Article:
Miami Hurricanes 12. Miami (23): The best thing returning for the Hurricanes is head coach Jim Larranaga, an expert at putting pieces together to form a solid team. Unfortunately, the pieces leave a lot to be desired. Belgian star Manu Lacomte may surprise ACC fans, though.
Wake Forest Demon Deacons 13. Wake Forest (19): For the first time since coming to Winston-Salem Jeff Bzdelik has experience, but do the Demon Deacons have the talent to finish above .500 and save his job? Conference expansion didn’t help.
Clemson Tigers 14. Clemson (11): A bad team is going to get worse as the program takes what is probably charitably going to be called “a rebuilding year.” Tune in for KJ McDaniels, whose shot-blocking makes him a good pick for ACC defensive player of the year.
Virginia Tech Hokies 15. Virginia Tech (6): Erick Green is gone, and there isn’t anyone stepping up to replace him on a team destined to rest in the ACC cellar this year. Things could be ugly for James Johnson‘s second season in Blacksburg.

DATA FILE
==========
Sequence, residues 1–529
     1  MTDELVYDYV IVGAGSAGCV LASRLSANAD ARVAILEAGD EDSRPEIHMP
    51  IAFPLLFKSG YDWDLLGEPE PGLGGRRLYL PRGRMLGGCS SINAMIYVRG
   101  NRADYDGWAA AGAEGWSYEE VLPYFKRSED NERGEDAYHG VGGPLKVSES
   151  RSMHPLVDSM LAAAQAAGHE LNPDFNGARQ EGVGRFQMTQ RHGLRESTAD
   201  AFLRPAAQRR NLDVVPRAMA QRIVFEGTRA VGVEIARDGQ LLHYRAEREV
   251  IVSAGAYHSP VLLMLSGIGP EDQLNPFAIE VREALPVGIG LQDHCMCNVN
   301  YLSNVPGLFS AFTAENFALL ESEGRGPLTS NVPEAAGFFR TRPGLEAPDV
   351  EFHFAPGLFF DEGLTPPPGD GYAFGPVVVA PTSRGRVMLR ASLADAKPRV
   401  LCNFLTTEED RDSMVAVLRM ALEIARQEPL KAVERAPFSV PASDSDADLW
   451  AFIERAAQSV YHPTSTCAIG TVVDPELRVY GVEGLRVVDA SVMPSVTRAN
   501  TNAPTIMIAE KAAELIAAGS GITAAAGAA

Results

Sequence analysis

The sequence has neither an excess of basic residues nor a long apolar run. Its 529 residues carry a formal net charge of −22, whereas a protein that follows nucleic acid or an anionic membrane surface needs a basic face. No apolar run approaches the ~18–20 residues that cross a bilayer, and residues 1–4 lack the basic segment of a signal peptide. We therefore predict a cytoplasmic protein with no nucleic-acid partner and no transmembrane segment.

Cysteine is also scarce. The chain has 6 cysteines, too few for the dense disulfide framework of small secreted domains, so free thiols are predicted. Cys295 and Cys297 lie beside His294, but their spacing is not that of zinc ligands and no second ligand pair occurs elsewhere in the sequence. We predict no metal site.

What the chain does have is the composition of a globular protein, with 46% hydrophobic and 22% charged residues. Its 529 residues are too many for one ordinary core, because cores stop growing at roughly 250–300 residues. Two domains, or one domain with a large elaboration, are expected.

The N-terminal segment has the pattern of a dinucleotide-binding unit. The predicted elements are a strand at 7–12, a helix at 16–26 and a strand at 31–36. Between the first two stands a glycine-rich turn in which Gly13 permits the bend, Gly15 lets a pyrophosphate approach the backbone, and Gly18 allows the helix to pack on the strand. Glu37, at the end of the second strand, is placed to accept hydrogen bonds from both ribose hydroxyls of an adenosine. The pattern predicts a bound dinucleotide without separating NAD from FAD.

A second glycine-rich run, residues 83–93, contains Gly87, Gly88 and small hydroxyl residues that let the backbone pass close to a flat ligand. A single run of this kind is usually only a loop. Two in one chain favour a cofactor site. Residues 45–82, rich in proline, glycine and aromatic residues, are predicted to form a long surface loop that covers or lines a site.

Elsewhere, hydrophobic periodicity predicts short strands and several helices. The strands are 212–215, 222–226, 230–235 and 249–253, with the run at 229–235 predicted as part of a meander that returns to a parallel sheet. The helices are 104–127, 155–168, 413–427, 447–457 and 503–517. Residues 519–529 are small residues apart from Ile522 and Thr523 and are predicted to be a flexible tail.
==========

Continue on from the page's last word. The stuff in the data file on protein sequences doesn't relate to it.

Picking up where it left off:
Read the rest of this entry »

Share this story

ACC M5: Opening Day Edition

Posted by Matt Patton (@rise_and_fire) on November 8th, 2013

morning5_ACC

  1. South Florida Sun-Sentinel: I’m starting to notice a trend with articles written about teams picked to finish in the bottom third of the ACC. Writers and coaches use phrases like “hope to compete” in lieu of buzzwords like “confident” or any mention of the league title. Miami is no different. The most impressive statistic Christy Chirinos drops at the start of this article is that the Hurricanes return one percent of their assists from last season. One percent. That’s insane. Luckily, Manu Lacomte may be the best player on Jim Larranaga’s roster, so assists may be the one area that Miami isn’t in huge trouble.
  2. Syracuse Post-Gazette: Tyler Ennis and Trevor Cooney have huge shoes to fill on defense. Jim Boeheim called Brandon Triche and Michael Carter-Williams the best defensive backcourt he’s ever had (though Dion Waiters, Triche and Scoop Jardine wreaked all kinds of havoc on the perimeter too). As they lack the length of Carter-Williams and Triche, this might be another reason to hold back on buying too much Syracuse stock before the season gets going in earnest. Perimeter defense was the biggest reason Syracuse made the Final Four last year, so taking a step back on that front will definitely have a big impact.